Berkeley Lab Researchers Win Three Popular Science "Best of What's New" Awards
|By Jeffery Kahn, firstname.lastname@example.org
November 12, 1996
BERKELEY, CA -- Researchers at Ernest Orlando Lawrence Berkeley National Laboratory (Berkeley Lab) have been named as the winners of three of Popular Science magazine's "Best of What's New" awards for 1996.
Each year, the editors of the magazine review thousands of new products, technology developments, and scientific achievements. Then, they select 100 for distinction as the "Best of What's New." This year, the winners were announced at a November 12 awards event in New York City. They include:
The editors of Popular Science recognized Moridis and Pruess for their development of a radically new technique for containing underground hazardous waste. To immobilize waste, researchers drill a series of wells outside the perimeter of a contaminated area, and then inject a fluid into the ground. Once in the ground, the fluid gels, forming an impermeable barrier that contains underground waste and prevents its spread. The technique has been field tested but still is in a developmental stage.
- Berkeley Lab earth scientists George Moridis and Karsten Pruess. They developed a technique for creating an underground barrier that stops the spread of contaminants from hazardous waste sites.
- Berkeley Lab scientist Ashok Gadgil for his development of "UV Waterworks." This inexpensive device uses ultraviolet light to cheaply disinfect water from the viruses and bacteria that, every year, kill millions of people in poor, developing nations.
- Berkeley Lab scientist Mark Modera for a new aerosol-based technology for sealing air leaks in heating, cooling, and ventilation (HVAC) ducts. In typical homes, sealing these leaks can reduce heating and cooling energy costs from 15 to 30 percent.
Currently, the state of the art of cleaning up sites with contaminated soils is the same as it was 30 years ago -- contractors dig the soil out and truck it to a hazardous waste site. That's because contaminants are very difficult to strip from the soil. Once toxins get into the ground, just a few gallons of hazardous fluids can contaminate huge areas.
Unfortunately, the costs and limitations of the soil removal approach have severely handicapped the nation's cleanup efforts. Thousands of contaminated sites have been identified but few have been cleaned up. Over time, water in the ground can cause the contamination to spread. Depending on what is nearby, water supplies, rivers, residential areas, and human health can be further jeopardized by these delays.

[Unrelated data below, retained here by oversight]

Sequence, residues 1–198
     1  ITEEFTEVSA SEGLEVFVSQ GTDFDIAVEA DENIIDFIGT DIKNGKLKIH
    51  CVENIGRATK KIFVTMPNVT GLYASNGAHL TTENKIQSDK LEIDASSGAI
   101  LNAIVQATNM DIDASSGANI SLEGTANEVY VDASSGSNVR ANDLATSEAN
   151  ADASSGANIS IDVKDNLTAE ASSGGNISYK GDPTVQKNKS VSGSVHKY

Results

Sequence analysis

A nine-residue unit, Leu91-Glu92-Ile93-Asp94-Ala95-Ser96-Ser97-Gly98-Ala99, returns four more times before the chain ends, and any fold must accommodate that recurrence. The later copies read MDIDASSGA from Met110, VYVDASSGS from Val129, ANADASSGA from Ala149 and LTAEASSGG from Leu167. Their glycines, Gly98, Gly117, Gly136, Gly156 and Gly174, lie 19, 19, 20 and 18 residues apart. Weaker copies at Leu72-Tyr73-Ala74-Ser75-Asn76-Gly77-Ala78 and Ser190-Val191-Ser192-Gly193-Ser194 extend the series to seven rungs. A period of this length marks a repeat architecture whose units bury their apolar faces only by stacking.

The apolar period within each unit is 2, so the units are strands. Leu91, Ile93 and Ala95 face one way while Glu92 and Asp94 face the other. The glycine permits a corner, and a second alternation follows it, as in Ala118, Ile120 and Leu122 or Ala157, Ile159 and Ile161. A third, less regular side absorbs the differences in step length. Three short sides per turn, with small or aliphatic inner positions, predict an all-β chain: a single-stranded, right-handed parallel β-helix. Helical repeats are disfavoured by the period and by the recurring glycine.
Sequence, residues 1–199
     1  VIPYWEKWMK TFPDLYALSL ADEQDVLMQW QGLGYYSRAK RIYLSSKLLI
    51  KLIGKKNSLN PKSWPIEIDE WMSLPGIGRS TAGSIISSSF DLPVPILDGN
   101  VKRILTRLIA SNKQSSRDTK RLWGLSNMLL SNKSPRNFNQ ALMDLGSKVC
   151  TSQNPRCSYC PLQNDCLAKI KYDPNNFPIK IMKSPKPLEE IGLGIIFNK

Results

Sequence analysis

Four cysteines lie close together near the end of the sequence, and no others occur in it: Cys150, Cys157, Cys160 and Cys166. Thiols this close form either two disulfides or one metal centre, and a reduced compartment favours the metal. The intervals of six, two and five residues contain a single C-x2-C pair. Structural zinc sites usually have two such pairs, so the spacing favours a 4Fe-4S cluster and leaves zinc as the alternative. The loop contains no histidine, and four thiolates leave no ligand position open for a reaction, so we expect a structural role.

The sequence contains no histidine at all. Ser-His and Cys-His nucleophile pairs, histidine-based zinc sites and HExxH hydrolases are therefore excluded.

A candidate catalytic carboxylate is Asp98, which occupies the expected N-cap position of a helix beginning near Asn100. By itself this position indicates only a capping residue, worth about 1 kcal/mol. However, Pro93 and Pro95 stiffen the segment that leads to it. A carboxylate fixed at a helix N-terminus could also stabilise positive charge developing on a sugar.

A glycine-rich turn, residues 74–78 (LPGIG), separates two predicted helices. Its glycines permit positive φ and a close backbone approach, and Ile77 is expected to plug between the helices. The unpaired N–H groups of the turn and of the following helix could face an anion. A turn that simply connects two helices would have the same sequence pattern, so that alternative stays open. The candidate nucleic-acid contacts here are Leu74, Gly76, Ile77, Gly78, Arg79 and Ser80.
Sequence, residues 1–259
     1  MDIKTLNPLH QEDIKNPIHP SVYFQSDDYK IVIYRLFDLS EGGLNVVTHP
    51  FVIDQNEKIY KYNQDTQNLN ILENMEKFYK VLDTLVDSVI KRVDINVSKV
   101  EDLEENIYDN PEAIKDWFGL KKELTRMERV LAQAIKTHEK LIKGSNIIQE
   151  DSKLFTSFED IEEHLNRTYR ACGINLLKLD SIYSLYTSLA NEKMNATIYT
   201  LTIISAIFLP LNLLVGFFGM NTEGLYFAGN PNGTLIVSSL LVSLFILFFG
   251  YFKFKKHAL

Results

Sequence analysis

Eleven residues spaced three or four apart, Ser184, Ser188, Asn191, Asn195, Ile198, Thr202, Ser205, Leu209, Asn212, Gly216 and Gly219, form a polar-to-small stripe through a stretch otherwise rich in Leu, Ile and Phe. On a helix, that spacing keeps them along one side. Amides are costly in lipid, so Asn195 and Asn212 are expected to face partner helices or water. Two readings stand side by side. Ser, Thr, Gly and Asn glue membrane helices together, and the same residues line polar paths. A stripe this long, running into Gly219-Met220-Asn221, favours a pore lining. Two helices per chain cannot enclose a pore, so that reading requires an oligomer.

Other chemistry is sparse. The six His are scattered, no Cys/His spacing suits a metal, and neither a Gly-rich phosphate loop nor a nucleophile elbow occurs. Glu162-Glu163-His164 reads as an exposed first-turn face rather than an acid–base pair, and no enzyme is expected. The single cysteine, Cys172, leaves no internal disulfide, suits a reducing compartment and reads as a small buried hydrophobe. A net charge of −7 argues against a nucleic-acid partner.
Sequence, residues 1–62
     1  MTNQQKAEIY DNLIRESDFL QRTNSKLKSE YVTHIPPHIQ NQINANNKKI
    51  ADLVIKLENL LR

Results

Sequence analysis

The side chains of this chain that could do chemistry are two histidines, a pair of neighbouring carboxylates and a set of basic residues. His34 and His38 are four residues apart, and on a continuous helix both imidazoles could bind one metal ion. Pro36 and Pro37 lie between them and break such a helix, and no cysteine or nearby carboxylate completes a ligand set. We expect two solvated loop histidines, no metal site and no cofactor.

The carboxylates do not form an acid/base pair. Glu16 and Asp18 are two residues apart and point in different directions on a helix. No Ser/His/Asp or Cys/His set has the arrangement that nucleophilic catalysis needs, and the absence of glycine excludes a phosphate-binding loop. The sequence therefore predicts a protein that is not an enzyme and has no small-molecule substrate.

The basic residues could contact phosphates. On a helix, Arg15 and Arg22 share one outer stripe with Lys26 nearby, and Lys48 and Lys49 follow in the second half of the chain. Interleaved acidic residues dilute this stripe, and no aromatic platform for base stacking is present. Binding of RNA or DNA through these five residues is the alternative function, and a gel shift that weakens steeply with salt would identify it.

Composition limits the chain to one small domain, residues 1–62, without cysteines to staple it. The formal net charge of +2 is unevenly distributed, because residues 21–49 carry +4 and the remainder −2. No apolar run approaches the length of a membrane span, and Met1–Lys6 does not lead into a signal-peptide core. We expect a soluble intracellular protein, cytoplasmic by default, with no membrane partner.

"Up until now," says Moridis, "the country has been fighting a losing battle. We believe the new approach we are developing is a vitally needed supplement to today's standard cleanup method."
Gadgil's UV Waterworks, which was also a recipient of a Discover Magazine Award for Technology Innovation this year, has the potential to save millions of lives.
In developing nations, safe, home-delivered tap water is rare. Consequently, each year, waterborne diseases such as cholera, typhoid, and dysentery that are transmitted mainly through the drinking of unsanitary water, kill an estimated four million children under the age of five and make adults sick enough to lose billions of hours of work productivity and income. The two most common methods of disinfecting water in developing nations -- chlorination and boiling -- both have drawbacks and limitations. Chlorine disinfection requires a continual supply of chlorine bleach and trained personnel to make sure chlorine is added to water supplies at effective levels. Boiling is usually done over wood stoves in unvented rooms which poses health risks of its own and contributes to air pollution and deforestation.
Gadgil, who is from India and has had several cousins die from these diseases, worked after-hours creating a purification system that uses an off-the-shelf ultraviolet light to kill bacterial and viral contaminants. Running on a car battery if necessary, one unit can provide water for a village of 1,000 people. Each unit should cost between $250 and $600.
"What we've done," said Gadgil, "is build a device that makes water purification so inexpensive that it's almost impossible not to use it."
Modera was honored by Popular Science for his development of an elegant solution to the ubiquitous problem of how to seal leaky heating, cooling, and ventilation ducts. According to a 1991 study, sealing these leaks could save some one quadrillion BTU's per year in this country. That amounts to an annual energy savings of approximately $7 billion.
Currently, contractors use a variety of techniques to seal leaks in existing HVAC systems. Though sealing leaks can save a lot of energy and money, relatively little of this work is done because of the difficulty involved in locating the leaks. Also, in many instances, it is almost impossible to get to the leaky ductwork.
Modera's process resolves these obstacles. First, all grilles are temporarily sealed. Then, aerosolized adhesive particles are blown into the duct system and flow to the leakage sites, eventually sealing them. Compared to conventional duct-sealing methods, aerosol-based sealing plugs more of the leaks, is less time consuming and costly to homeowners, and provides better working conditions for the contractor.
The research to develop aerosol sealing was funded by the California Institute for Energy Efficiency, the U.S. Environmental Protection Agency, the Electric Power Research Institute, and the U.S. Department of Energy.
Berkeley Lab conducts unclassified scientific research for the U.S. Department of Energy. It is located in Berkeley, California and is managed by the University of California.
Popular Science features the winners of its "Best of What's New" awards on its website at http://www.popsci.com